Paras, J ., concurs in the result.
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Separate Opinions
HILADO, J ., dissenting:
Being unable to bring myself to agree with the majority upon the application of
the two-witness rule herein, I am constrained to dissent.
As I see it, being a member of the Makapili during the Japanese occupation of
those areas of the Philippines referred to in the information, was one single,
continuous, and indivisible overt act of the present accused whereby e gave aid and
comfort to the Japanese invaders. That membership was one and the same from the
moment he entered the organization till he was captured. The fact at he was seen on a
certain day by one of the state witnesses being a member of the Makapili, and was
seen by another state witness but on a different day being a member of the same
organization, does not mean that his membership on the first day was different or
independent from his membership on the other day it was the selfsame membership
all the way the enough. A contrary construction would entail the consequence that the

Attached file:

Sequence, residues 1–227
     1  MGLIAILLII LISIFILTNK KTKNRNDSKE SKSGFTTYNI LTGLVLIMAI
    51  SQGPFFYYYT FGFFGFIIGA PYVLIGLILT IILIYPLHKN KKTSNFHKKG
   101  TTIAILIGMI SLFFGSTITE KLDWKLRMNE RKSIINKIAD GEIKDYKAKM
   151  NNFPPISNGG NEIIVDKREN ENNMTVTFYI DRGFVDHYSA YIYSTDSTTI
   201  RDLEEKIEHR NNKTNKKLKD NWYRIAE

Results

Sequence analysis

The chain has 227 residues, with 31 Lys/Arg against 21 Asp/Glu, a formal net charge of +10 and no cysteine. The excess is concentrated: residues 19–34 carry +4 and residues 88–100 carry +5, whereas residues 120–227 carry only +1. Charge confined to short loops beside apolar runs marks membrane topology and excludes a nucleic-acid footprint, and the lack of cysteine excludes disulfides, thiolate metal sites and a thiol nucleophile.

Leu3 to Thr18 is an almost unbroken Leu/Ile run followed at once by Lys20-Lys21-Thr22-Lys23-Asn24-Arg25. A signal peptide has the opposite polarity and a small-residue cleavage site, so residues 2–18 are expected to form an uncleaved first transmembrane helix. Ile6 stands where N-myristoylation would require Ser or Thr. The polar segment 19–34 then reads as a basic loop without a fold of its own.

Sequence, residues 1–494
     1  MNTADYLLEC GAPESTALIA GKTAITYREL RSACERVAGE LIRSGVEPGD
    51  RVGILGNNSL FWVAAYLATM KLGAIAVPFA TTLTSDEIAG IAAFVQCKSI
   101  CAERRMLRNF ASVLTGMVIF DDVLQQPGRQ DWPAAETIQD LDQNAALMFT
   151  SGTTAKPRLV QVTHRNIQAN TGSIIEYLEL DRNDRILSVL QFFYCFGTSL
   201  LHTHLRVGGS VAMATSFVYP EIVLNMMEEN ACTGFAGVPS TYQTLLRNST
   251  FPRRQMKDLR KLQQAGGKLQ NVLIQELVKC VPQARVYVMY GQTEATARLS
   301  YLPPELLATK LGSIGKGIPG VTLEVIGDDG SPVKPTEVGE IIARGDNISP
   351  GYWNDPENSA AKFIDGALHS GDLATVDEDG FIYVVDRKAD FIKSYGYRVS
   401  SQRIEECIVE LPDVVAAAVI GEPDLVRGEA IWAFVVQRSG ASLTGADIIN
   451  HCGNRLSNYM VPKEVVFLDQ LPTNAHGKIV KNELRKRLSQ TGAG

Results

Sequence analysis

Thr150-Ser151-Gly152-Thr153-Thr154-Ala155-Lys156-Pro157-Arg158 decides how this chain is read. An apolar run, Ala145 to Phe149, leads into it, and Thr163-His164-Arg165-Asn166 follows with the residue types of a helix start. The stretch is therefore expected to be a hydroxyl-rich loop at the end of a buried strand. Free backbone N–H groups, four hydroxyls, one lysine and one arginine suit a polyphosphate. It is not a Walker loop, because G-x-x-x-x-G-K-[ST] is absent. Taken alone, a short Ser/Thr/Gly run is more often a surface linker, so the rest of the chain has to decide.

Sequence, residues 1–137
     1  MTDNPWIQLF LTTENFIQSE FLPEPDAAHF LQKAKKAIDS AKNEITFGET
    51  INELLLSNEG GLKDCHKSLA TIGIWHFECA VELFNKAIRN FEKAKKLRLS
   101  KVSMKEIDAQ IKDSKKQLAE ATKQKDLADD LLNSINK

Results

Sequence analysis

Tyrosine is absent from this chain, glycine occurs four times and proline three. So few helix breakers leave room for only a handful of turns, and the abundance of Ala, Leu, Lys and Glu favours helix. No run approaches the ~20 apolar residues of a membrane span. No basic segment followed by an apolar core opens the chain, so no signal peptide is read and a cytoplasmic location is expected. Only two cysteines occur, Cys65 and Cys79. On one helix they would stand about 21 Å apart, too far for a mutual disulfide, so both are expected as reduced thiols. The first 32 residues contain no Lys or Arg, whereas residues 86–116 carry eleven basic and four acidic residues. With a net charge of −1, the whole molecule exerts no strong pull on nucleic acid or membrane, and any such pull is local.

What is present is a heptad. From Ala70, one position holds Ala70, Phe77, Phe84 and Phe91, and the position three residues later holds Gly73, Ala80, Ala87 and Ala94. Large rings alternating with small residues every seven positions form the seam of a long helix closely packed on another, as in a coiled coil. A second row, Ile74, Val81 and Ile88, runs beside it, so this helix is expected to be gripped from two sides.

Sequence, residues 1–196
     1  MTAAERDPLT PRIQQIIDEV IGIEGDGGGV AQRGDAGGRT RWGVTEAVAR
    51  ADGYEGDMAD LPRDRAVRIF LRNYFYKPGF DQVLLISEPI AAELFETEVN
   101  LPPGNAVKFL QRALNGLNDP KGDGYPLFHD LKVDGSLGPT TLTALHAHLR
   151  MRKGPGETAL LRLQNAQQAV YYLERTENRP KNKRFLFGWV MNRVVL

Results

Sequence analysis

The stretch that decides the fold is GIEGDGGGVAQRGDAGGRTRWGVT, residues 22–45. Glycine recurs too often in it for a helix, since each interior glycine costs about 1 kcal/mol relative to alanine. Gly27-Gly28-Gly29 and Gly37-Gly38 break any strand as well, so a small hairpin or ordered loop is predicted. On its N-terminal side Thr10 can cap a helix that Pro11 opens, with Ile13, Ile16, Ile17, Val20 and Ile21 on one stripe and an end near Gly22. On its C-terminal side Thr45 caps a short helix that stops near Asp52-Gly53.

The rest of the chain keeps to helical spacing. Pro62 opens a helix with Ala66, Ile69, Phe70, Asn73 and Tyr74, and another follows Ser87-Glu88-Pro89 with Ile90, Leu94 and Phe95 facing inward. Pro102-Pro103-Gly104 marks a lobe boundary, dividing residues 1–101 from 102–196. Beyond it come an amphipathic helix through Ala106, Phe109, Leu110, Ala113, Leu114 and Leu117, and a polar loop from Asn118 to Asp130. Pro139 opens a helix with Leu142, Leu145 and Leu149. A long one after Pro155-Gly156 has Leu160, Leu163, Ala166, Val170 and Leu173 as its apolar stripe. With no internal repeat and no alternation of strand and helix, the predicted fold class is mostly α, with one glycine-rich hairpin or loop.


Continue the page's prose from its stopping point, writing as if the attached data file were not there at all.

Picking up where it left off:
instant defendant, if e are to believe the allegations and proofs of the prosecution,
became or was a member of the Makapili as many times as there were days from the
first to the last.
T. E. Holland defined "acts" in jurisprudence as follows:
"Jurisprudence is concerned only with outward acts. An 'act' may
therefore be defined . . . as 'a determination of will, producing an effect in the
sensible world'. The effect may be negative, in which case the act is property
described as a 'forbearance'. The essential elements of such an act are three, viz.,
an exercise of the will an accompanying state of consciousness, a manifestation
of the will". (Webster's New International Dictionary, 2d ed., unabridged, p. 25.)

There can, therefore, be no question that being a member of the Makapili was
an overt act of the accused. And the fact that no two witnesses saw him being such a
member on any single day or on the self-same occasion does not. in my humble
opinion, work against the singleness of the act, nor does the fact that no two witnesses
have testified to that same overt act being done on the same day or occasion argue
against holding the two-witness having been complied with.
My view is that, the act being single, continuous and indivisible, at least two
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witnesses have testified thereto notwithstanding the fact that one saw it on one day
and the other on another day.